“College readiness”: right intentions, but wrong policies

by Zach Fechter ‘15

Last year, I wrote an article for this publication stating that the Wellness Initiative was noble in spirit, but misguided in practice, despite its legality. Frankly, my judgment of the initiative is aptly fitting for the “College Readiness” ploy and subsequent programs that make it up. Acclimating students to a college environment should be a pillar of secondary education, but the manner that Saint Ignatius has chosen to construct this pillar, as well as guide this school year, are feeble, inept, and retroactive, in some cases. In one fell swoop, the school largely stripped from students the opportunity to chose, and from parents the opportunity to parent.

The adopted mantra of the school year includes instituting programs that the administration deems necessary, seemingly without regard for the implementation and consequences of them. BYOT, for example, has been a source of such issues. It’s likely that most, if not all, college students have a personal laptop, same as the new policy requires of us here. However, how often do college students face entire school days without any access to internet connection, thereby impeding on the ability to do school work? Understandably, just as with Haiku last year, when nearly 1,400 students are trying at the same time to access the internet, things can get slow, but that’s what maximizing our connectivity can help with. However, instead of actively strengthening our ability to use our mandated devices, the school has opted to purchase many new large, flat-screen TVs which display small-lettered news stories and the weather to a bustling population of students struggling to get to their next class since there is no longer a second bell; not much time to read that story, huh?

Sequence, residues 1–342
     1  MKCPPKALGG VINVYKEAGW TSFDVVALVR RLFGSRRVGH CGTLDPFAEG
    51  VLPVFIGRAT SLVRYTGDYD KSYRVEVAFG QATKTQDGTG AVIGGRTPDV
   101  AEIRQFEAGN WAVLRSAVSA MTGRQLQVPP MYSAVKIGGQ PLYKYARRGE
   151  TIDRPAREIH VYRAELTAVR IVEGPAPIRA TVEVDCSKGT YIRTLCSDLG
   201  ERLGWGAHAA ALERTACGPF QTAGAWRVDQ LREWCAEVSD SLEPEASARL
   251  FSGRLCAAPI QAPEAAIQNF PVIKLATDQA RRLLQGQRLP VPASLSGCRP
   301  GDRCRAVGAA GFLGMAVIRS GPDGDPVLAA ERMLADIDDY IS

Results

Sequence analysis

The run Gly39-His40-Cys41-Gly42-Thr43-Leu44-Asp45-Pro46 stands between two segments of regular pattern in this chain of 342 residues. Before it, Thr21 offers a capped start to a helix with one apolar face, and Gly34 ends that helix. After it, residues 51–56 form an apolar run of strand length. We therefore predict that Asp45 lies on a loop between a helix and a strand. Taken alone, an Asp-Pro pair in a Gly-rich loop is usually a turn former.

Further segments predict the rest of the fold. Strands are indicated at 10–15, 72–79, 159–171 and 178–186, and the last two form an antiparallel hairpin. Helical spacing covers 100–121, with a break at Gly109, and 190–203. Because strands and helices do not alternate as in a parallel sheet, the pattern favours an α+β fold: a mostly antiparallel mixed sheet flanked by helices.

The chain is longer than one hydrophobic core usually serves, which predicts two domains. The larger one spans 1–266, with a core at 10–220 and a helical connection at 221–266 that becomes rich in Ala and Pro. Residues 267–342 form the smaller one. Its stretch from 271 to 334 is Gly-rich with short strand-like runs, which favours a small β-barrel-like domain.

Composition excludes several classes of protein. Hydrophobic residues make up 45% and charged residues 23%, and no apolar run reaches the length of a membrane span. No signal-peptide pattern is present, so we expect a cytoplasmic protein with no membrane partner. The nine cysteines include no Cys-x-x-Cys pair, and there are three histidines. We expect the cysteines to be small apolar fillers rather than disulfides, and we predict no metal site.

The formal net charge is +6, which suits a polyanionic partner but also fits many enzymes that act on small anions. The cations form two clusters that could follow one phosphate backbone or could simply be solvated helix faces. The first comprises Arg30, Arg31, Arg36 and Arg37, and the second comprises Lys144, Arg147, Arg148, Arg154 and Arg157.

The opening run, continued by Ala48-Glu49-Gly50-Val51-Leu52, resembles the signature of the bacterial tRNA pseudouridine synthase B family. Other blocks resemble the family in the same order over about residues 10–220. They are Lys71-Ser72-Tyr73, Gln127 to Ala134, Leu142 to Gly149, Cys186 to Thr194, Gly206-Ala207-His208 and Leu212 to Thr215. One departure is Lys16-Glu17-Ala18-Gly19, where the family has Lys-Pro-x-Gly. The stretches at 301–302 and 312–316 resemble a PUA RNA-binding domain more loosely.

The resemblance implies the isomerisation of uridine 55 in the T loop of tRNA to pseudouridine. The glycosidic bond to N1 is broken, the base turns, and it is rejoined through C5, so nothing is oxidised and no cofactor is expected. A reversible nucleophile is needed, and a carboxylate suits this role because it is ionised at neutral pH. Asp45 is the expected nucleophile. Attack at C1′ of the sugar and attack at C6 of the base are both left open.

It doesn’t stop there. So the internet is down and a student needs to find out when a club meeting is, what should he do? He can’t check his email on his laptop, he can’t listen to the announcement since, oh yeah, they aren’t read anymore, and he can’t check his phone, as the school has been relatively adamant in enforcing such a rule. Well, sorry kid, looks like you can’t go to the club meeting you want; not very college-like to leave students without a choice.

I will avoid dwelling on the clear dangers of using legality as a point to extract parents from the equation to solve the problem of drug addiction in students. I will steer clear of mentioning that, at the Wellness Program assembly we had last year, it was said that the reasoning behind this program was two tragic events involving alcohol and heroin, yet alcohol will not be tested for, and I can anecdotally assume that heroin is not used at this school, but my formal opinion on the matter can be found in my essay last year.